LaToya Cantrell was endorsed Tuesday morning in her bid for the District B seat on the City Council by Council President Stacy Head, a popular and influential voice in Uptown politics who twice won the seat in 2006 and 2010.
Head has been a political rival of Mayor Mitch Landrieu on a number of issues lately, and her endorsement of Cantrell stands in contrast with Landrieu’s earlier endorsement of Dana Kaplan, whom Cantrell faces in the Dec. 8 runoff.
This is a natural move. And this was precisely the right time for Head to make it. Beyond the obvious bit about Stacy not wanting to deal with a new person on the council who owes favors to Mitch, she's also trying to preserve the electoral coalition that put her where she is today.
Head's base is Uptown conservative white money combined with Uptown slightly more liberal, perhaps less wealthy, whites who are interested in "reform." Whites as a whole are a minority in New Orleans but this specific coalition of traditional conservatives with young (sort of) progressive professional class whites has been especially assertive in post-Katrina politics. Stacy Head has been the catalyst behind and primary beneficiary of that phenomenon. She's ridden that to a narrow victory in a city-wide At-Large election and may now harbor bigger ambitions. But in order to realize those ambitions, she'll have to protect the base she's built.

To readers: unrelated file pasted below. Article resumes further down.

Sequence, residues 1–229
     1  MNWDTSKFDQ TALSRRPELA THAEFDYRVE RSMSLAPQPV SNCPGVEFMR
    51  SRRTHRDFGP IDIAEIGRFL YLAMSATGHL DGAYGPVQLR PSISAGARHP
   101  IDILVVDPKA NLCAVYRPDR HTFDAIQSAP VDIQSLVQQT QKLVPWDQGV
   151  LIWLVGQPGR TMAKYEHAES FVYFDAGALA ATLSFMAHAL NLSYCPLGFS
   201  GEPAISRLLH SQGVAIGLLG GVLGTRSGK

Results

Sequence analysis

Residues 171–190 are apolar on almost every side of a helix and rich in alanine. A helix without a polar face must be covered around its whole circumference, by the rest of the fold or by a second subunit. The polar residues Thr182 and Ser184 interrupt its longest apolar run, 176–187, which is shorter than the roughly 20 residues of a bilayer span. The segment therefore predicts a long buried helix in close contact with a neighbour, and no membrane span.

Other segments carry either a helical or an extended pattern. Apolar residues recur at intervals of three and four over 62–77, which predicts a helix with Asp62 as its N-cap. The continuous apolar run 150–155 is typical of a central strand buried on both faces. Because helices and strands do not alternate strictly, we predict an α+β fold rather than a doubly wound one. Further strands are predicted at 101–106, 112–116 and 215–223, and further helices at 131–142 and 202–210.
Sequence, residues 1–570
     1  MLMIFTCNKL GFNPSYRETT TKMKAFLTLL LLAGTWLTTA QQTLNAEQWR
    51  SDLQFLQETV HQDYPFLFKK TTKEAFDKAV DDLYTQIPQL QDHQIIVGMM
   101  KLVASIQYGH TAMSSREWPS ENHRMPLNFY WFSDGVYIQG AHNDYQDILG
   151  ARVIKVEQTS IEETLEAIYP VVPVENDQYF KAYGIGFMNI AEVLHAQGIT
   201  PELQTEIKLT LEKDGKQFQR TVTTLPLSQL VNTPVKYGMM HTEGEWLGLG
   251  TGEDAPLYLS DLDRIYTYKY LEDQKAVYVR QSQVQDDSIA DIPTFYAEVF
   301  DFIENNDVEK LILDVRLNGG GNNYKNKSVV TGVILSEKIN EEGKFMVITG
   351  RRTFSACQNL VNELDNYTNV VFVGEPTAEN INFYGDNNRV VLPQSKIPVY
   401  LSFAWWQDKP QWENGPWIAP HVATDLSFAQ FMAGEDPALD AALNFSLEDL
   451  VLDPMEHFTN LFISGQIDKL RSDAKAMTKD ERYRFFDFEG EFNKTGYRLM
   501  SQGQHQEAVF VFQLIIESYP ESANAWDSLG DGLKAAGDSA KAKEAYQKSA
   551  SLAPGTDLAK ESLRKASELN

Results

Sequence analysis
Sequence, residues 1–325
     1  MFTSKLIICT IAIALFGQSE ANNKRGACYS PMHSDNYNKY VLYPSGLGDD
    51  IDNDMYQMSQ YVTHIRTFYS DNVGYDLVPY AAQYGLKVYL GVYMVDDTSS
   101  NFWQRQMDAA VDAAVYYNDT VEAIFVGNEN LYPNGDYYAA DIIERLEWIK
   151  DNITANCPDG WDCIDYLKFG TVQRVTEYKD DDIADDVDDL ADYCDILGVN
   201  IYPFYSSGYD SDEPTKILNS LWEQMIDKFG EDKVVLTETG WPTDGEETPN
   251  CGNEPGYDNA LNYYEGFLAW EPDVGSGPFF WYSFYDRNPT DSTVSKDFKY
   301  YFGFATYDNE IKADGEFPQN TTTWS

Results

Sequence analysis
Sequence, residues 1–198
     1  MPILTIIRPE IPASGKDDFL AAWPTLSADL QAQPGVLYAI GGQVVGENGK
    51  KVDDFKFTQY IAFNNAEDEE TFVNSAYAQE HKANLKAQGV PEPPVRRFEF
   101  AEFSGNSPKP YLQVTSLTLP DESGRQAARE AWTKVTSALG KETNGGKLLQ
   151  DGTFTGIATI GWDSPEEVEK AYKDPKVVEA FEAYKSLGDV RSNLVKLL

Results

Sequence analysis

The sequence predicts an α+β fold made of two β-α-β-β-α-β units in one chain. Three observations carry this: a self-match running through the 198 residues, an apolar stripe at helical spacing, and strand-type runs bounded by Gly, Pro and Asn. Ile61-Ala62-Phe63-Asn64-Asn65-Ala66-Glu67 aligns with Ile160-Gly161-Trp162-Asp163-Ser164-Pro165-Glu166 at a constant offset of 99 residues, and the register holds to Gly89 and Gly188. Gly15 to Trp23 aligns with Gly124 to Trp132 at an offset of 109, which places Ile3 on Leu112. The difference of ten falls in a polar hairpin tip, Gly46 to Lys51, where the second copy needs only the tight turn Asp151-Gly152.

The only way for Head to remain a major player is to keep all those Uptown white people on the same page. This can be tricky because there are natural fissures to exploit. In their own ways, each of the District B candidates threatens to peel away the less conservative part of Stacy's coalition. But Kaplan is especially problematic for Head, in part, because she's another young white lady, but more importantly because she appears to be aligning with Mitch.
Mitch, obviously, also pulls strongly from among middle class whites. By backing Kaplan, he's laying a claim on a big chunk of Head's base. Head pretty much has to make a counter-claim here. So the stakes here are potentially pretty high. Head is trying to maintain her momentum while Mitch could seize an opportunity to break things up a bit and set the stage for some new realignments in District B... and by extension, citywide.